Tag Archives: Universities

Archivist wanted!

Archivists!  Would you like to join our small and enthusiastic team?  You would be cataloguing the papers of this chap (Dr Calvin Wells), who pioneered palaeopathology (discovering ancient disease and injury from skeletal remains).

Calvin_MCW. Calvin Wells with skull.1

Calvin Wells with skull

We’re recruiting an Archivist to work on the Putting Flesh on the Bones Project, funded by a grant from the Wellcome Trust and involving work with both Special Collections and Archaeological Sciences. The post is available for 18 months from 1 June 2017 and offers a fantastic chance to collaborate with academics and conservation/museum professionals, as well as Special Collections staff and readers.  Find out more on the University’s vacancy webpage.  Do contact me (Alison) if you have any queries.

3 February 1966. Bradford’s starter for ten??

Starter question.  What famous jazz musician had the Christian names Ferdinand Joseph de la Menthe?

If you were concerned with Hooke’s Law, would you be more likely to be a student of church history, a statistician, a manufacturer of braces, or a pirate?

From Shakespeare, which character said (and in which play)? “In sooth, I know not why I am so sad”.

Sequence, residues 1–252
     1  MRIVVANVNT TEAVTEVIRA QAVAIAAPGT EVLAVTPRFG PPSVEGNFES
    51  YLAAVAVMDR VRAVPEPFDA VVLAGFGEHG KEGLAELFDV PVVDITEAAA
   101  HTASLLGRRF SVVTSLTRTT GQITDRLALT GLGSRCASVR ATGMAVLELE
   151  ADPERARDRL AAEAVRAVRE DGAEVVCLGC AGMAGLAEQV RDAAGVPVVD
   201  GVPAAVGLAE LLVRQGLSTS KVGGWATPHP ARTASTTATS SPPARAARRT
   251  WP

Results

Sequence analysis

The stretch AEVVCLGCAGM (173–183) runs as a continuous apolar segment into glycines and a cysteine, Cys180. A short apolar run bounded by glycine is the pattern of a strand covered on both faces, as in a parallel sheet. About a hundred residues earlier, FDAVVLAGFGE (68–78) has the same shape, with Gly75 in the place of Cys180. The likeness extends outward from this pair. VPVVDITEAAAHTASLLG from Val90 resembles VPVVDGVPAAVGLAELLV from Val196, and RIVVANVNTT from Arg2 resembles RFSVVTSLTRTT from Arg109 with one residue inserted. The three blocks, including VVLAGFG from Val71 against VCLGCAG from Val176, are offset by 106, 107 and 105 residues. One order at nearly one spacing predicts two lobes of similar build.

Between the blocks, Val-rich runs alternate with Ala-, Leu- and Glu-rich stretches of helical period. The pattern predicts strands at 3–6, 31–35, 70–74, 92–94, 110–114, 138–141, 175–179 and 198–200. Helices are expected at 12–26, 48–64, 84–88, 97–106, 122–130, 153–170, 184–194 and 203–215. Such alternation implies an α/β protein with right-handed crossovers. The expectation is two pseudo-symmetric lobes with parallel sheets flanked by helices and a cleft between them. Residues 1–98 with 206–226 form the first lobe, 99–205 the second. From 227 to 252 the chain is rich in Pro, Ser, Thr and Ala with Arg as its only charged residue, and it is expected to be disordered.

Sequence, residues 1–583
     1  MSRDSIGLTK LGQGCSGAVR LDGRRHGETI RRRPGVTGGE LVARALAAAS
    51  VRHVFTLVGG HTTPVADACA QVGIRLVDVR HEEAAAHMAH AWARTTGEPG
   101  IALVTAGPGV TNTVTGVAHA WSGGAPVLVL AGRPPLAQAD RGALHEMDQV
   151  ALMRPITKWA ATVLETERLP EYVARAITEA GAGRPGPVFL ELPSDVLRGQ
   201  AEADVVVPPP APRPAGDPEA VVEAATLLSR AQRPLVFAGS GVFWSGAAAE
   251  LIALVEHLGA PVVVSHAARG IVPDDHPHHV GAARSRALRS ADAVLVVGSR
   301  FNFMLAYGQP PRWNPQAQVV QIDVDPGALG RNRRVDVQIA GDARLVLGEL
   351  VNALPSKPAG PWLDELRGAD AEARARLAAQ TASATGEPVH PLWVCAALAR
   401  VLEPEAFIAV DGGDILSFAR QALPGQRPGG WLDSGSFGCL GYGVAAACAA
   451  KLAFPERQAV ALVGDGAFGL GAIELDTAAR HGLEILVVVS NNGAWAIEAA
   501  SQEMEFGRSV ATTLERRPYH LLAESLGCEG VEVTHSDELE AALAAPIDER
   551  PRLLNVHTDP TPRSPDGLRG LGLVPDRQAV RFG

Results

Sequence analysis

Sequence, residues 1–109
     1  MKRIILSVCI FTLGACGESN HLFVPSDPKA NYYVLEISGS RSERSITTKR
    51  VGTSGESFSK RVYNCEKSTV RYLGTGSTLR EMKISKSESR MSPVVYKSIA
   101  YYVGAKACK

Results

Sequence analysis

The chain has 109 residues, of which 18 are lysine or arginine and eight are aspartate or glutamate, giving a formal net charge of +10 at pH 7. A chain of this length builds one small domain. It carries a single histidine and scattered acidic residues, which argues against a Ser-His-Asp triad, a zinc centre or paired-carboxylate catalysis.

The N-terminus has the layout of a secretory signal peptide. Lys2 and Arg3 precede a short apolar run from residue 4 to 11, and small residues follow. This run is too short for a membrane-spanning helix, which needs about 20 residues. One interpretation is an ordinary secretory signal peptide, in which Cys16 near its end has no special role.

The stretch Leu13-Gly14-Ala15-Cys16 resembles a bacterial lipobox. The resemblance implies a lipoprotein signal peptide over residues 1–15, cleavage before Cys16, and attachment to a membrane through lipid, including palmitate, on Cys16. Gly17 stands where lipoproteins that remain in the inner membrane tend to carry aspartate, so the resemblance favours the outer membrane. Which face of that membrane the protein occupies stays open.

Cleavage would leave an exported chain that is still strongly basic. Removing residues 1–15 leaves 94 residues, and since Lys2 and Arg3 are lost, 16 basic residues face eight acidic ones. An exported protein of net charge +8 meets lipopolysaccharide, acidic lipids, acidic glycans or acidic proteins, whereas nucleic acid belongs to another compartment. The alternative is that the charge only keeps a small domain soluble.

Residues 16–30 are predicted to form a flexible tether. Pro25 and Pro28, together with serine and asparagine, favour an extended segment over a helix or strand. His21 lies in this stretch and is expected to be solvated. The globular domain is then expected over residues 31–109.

Can you guess which quiz show sent these specimen questions to Bradford students?  No conferring!

Yes, it could only be University Challenge, the famously fast-moving and difficult quiz for teams of students, first broadcast in 1962.

UNI X0414. Javelin, 3 Feb.1966. B.I.T. and University Challenge

In 1966, Students’ Union official Roger Iles contacted the programme’s producer, Douglas Terry, and its maker, Granada Television, to ask whether Bradford Institute of Technology (BIT) would be able to take part in the programme.  BIT was after all just about to become a “University”.  His enquiry was welcomed and Bradford was invited to put together a team for the autumn series.  BIT was thus the first College of Advanced Technology turned University to be recognised in this way.

The 3 February 1966 issue of Javelin shared the good news and the call for entries.  The  specimen questions were included to help students decide if they were up to the standard of the competition.  Answers at the bottom of this article  (No googling!).

It took a few years, but Bradford University did eventually become University Challenge Champions.

Other stories from the 3 February issue:

Telly Tales

Five students living in Revis Barber Hall of Residence had jointly hired a television set which was “capable” of receiving a hazy BBC-2: a slightly more “highbrow” channel than the existing BBC and ITV programmes, and with a remit including arts, culture and education.  Assuming the set could in practice receive the channel, the students would have been able to watch Playschool, Horizon, and (the following year) the unmissable Forsyte Saga.

Toilet Wars

Students were asked to stop stealing glasses from the Union Bar and were rebuked for using “vulgar language” in the “conveniences” on Richmond D Floor.  This had upset a member of staff and meant students were banned from the only toilets on the same floor as the Bar – inconvenient!